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July 5, 2015

‘Good Ideas’ Are Point of EPA Carbon Emissions Hearings, McCarthy Says

EPA Administrator Testifies At Senate Hearing On Carbon Pollution Standards

McCarthy. (Mark Wilson/Getty Images)

“We expect good feedback from these sessions,” EPA administrator Gina McCarthy told reporters Monday about this week’s listening sessions on the agency’s proposal to regulate carbon emissions from existing power plants. “No good ideas should be off the table.”

The four hearings, part of the EPA’s effort to collect public comment about the proposal, are in Washington, D.C., Atlanta, Denver and Pittsburgh.

The agency met with 60 business groups in first 25 business days since the rule was announced June 2 and has received 300,000 comments so far, McCarthy said. The agency also met with states and partnerships of states to discuss the proposal.

“Flexibility is the key to this” and there has been “overwhelming support for that type of approach,” McCarthy said without mentioning the nine states that have joined in a lawsuit against the rule.

That flexibility has also been an ongoing cause for confusion.

“States are looking to EPA to sit down with them individually and identify where their individual standards came from,” she said. Some think the states are limited to the types of theoretical actions the EPA used to calculate reduction levels. “That’s not the limitation, that’s how the standard was set,” she said. “States have the opportunity to use whatever strategy they can reasonably justify.”

CQ Roll Call’s Lauren Gardner has more on feedback on the rule (subscription).

Comments (7)

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  1. colsooonscoorner

    July 28, 2014
    5:46 p.m.

    EPA is a political robot of obumma.

  2. Mona

    July 28, 2014
    7:07 p.m.

    The states should be telling the EPA to butt out.

  3. Quintis Arrius

    July 29, 2014
    11:14 a.m.

    Since I happen to be made of 18.5 % carbon, I really resent being singled out by the EPA, those greasy carbonphobes!
    But seriously:The POINT of power plants is to generate power, not to limit carbon emissions. Power plant emissions, if they really kill people through their “emissions” would soon have no customer base, so they are ultimately self-regulating.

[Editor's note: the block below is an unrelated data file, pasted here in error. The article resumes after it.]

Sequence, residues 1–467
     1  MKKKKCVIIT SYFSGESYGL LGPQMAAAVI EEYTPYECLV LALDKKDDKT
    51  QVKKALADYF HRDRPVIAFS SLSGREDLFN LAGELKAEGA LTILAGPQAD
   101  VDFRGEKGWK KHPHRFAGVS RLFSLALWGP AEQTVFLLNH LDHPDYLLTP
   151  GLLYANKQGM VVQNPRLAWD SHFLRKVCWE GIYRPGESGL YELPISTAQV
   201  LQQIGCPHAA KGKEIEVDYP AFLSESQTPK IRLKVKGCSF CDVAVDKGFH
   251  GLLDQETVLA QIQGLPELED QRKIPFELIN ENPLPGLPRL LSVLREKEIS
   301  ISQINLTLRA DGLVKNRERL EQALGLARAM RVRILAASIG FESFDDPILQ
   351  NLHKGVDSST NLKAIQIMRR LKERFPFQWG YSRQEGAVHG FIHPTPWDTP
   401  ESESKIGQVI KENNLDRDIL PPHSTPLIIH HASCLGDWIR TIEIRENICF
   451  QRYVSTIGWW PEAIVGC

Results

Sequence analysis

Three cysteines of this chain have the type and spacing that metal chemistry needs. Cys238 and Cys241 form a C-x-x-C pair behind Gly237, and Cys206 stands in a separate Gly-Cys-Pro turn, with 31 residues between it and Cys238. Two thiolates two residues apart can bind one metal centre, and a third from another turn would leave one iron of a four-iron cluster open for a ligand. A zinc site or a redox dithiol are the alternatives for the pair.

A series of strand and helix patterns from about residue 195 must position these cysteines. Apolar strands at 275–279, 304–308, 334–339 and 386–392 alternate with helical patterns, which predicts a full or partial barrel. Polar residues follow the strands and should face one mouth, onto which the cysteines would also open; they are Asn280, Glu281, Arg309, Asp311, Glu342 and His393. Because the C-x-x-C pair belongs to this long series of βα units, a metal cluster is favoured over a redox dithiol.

I would LOVE to see the EPA take their tiresome braying about carbon emission regulations to China. I would enjoy that reality show.

  4. ceithor

    July 29, 2014
    1:12 p.m.

    You are obviously too young to remember the acid rain problems back in the 70s. The EPA put stricter rules in place for emissions of nitric and sulfuric acid particles, most of which come from coal plants. Once the rules were in place, the problem has pretty much gone away. So glad you mentioned China because that is what we would look like without “tiresome braying about carbon emission regulations…” Personally, I like having the paint stay on my car.

  5. stopcronycapitalism

    July 30, 2014
    8:50 p.m.

    EPA is out of control. They do things like drive the last lead smelter out of this country which puts 125 people out of work and leaving the US dependent upon countries like China for lead that is produced with no environmental protections. Like the environment doesn’t include the entire world! What are they thinking? Instead of developing more environmentally positive means of using low cost, reliable coal to generate electricity they want to throw it out and force us to pay for high cost, unreliable wind energy. These people are hell bent to destroy our economy in the name of pollution control. Put a halter on them.

  6. gomer

    Aug. 4, 2014
    8:28 a.m.

    Corporations care about the air you breath.

  7. Mona

    Aug. 10, 2014
    1:40 a.m.

    I can’t tell if you’re being sarcastic or not, but they breathe the same air we do.

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